Wunnam hung the hoe on his shoulder and walked briskly. He raised his neck inanely high and pursed his lips. He hoped not to meet someone he knew, someone who would want to stop for a chat. His posture and feigned seriousness worked somehow. From the corner of his eye, he saw someone approaching him. But the person suddenly stopped and turned back, which ignited a smile on Wunnam’s  face.

He had almost reached his father’s farm when he heard his name. The voice was familiar. He increased his pace and when he felt the person was following him, he began trotting. He knew his father’s best friend wouldn’t stop until he spoke to him. Wunnam heard him clink the bell of his bicycle but he ignored him and began running. He wasn’t bothered by the amused faces he passed by. He caught a glimpse of some of them sniggering. He was sure they found the scene hilarious and silly.

“ Heerh Wunnam are you mad?” Mba Nindoo snapped when he finally caught up with him.

“ No, no, uncle. It’s just that I’m in a hurry, Mba asked me to bring this hoe to his farm” Wunnam said as he gestured to the hoe on his shoulder.

“ Nonsense! I’m equally your father. Or you have soon forgotten how you used to run to my house, seeking for protection anytime your father was bent on beating you?” Wunnam sensed the irritation in his voice and didn’t know what to say to abate his anger. Looking at him closely, Wunnam could see old age catching up with him. He even looked older than his father. His hair was now completely covered in grey and his skin was beginning to sag.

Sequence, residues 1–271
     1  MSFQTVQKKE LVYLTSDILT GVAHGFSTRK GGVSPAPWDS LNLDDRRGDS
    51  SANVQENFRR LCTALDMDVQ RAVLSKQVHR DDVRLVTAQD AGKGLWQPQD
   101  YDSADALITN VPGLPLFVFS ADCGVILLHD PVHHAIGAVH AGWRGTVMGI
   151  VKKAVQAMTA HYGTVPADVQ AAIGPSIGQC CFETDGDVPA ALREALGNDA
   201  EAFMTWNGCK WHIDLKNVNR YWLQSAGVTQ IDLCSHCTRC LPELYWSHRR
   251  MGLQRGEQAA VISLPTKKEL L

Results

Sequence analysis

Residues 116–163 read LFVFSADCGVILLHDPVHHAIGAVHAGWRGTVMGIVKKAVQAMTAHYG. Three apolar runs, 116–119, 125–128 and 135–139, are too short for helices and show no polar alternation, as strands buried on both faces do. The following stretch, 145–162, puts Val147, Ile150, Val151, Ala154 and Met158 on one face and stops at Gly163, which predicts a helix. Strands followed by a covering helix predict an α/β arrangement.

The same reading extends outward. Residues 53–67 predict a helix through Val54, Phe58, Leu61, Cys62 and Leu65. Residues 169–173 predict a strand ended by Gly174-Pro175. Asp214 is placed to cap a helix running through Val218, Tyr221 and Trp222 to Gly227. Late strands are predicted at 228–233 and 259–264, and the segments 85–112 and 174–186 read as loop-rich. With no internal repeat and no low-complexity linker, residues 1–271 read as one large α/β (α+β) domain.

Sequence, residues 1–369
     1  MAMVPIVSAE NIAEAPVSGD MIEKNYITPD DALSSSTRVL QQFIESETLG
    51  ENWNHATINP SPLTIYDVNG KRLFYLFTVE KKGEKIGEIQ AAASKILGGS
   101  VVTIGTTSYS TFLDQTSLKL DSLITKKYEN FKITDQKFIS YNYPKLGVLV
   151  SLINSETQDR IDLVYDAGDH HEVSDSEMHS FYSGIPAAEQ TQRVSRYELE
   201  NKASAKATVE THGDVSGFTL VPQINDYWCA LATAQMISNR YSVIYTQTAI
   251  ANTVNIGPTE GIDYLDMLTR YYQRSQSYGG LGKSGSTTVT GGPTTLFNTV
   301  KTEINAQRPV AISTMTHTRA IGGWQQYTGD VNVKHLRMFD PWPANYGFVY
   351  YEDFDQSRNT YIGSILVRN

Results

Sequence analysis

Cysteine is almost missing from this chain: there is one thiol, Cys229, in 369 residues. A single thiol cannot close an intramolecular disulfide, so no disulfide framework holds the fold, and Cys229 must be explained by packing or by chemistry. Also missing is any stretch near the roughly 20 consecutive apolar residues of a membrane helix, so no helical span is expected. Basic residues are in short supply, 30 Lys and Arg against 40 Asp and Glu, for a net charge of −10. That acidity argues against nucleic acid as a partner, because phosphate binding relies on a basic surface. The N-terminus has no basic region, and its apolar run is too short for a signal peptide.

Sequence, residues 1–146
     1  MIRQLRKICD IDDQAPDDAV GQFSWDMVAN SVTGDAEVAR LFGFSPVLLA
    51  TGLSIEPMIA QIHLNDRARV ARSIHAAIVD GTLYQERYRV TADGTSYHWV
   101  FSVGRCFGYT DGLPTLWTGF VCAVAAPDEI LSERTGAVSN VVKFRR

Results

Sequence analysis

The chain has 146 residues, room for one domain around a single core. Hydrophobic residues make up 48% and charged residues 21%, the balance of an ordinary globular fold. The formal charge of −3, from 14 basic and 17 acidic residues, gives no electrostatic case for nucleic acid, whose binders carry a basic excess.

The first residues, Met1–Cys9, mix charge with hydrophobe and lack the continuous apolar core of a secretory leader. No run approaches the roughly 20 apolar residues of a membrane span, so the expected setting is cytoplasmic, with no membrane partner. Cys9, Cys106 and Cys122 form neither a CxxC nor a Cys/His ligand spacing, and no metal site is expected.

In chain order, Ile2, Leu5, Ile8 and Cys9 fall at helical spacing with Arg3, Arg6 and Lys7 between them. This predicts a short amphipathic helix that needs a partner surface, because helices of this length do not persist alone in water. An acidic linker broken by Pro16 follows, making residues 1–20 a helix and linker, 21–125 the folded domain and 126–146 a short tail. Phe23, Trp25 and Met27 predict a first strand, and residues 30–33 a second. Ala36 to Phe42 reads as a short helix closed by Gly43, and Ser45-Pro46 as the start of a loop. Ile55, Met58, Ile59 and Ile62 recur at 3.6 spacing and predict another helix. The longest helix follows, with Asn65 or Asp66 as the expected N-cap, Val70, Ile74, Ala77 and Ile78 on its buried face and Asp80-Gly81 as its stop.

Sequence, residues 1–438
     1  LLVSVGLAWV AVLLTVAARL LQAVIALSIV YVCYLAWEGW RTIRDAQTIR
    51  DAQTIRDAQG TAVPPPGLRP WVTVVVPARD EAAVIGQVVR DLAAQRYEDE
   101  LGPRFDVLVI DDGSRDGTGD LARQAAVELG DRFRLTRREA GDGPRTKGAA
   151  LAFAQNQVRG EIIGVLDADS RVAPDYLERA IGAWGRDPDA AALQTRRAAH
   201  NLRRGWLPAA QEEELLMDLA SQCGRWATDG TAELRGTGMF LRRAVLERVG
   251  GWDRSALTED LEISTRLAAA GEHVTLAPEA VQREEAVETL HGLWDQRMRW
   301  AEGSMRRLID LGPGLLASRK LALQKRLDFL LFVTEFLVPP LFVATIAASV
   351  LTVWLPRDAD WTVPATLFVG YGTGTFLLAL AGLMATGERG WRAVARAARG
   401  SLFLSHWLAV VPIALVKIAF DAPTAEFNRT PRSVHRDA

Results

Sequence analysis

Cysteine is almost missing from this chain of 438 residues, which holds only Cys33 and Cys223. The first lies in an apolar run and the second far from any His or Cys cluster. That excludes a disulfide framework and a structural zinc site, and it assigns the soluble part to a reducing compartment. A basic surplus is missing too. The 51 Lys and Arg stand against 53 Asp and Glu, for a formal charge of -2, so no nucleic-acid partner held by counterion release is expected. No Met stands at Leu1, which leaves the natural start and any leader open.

Wunnam drew his attention back to him and caught him saying, “ You have been in this village close to a month now, and you haven’t even attempted visiting me. Not even once, Wunnam. Is that how disrespectful you have become?”

“ No uncle, honestly, I had wanted to come to your house, but lately my father and I have been busy in the farm. But I promise to still come and see you”, he lied and bit his tongue. He hoped Mba Nindoo wouldn’t ask his father. He never believed words too easily until they were confirmed. It was a trait Mba Nindoo and his father had in common.

“It’s okay”,, Mba Nindoo said with a shrug. “ I didn’t know I would meet you, nonetheless, take these yams home. I know how much you like yam, so I would just harvest some later,” he added while gesturing to the four tubers of yam tied to his bicycle carrier.

“ No, uncle. I’m sorry, but I can’t take it”, he hesitated vehemently and Mba Nindoo was taken aback. He raised his eyebrows and eyed him.

“ I said I would harvest some later, or don’t you like yam anymore?”

“ No, I mean yes, I don’t like yams anymore,” Wunnam replied with a pang of guilt and the yam he ate, churned in his stomach. He watched as Mba Nindoo’s eyebrows furrowed, with suspicion written all over his face. He opened his mouth to speak but Wunnam quickly chipped in, “ It’s my doctor. Yes, my doctor in the city, he advised me not to eat yam anymore due to some health complications” ,he lied.

He wished Mba Nindoo would release him. His heart beat harder and faster. His mind raced around the thought of Mba Nindoo also dying. If only he knew why he was avoiding him. If only he knew it was for his own sake.